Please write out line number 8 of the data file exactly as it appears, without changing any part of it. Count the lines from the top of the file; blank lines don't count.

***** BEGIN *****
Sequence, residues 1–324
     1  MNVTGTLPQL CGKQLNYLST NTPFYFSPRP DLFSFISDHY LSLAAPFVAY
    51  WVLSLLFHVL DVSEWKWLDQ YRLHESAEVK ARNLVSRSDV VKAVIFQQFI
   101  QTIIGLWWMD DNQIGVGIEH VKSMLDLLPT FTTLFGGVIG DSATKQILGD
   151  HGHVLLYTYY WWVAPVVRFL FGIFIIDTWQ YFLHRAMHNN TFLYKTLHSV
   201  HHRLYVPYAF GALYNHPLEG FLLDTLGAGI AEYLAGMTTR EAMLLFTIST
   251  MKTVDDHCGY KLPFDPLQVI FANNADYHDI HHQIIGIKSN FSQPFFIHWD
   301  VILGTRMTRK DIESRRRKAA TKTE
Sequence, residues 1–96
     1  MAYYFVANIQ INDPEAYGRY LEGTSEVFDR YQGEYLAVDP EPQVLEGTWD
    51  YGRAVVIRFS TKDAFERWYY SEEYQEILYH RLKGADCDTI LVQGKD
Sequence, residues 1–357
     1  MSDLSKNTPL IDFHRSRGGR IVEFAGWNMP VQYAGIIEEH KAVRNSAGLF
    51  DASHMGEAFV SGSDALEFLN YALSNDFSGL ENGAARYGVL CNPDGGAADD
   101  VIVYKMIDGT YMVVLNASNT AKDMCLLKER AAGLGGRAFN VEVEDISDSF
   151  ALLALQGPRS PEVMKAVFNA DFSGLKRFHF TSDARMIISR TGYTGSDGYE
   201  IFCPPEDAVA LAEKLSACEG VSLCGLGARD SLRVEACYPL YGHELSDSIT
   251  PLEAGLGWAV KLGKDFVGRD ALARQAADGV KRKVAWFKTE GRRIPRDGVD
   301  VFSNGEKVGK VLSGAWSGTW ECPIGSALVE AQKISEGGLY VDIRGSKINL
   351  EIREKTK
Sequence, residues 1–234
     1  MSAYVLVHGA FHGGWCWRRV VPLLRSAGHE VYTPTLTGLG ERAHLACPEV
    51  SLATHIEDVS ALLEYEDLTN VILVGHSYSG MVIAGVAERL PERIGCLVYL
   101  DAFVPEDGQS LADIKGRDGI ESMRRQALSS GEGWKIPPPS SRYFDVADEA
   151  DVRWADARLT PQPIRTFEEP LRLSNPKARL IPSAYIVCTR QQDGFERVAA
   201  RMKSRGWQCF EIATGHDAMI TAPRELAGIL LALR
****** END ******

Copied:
   301  VILGTRMTRK DIESRRRKAA TKTE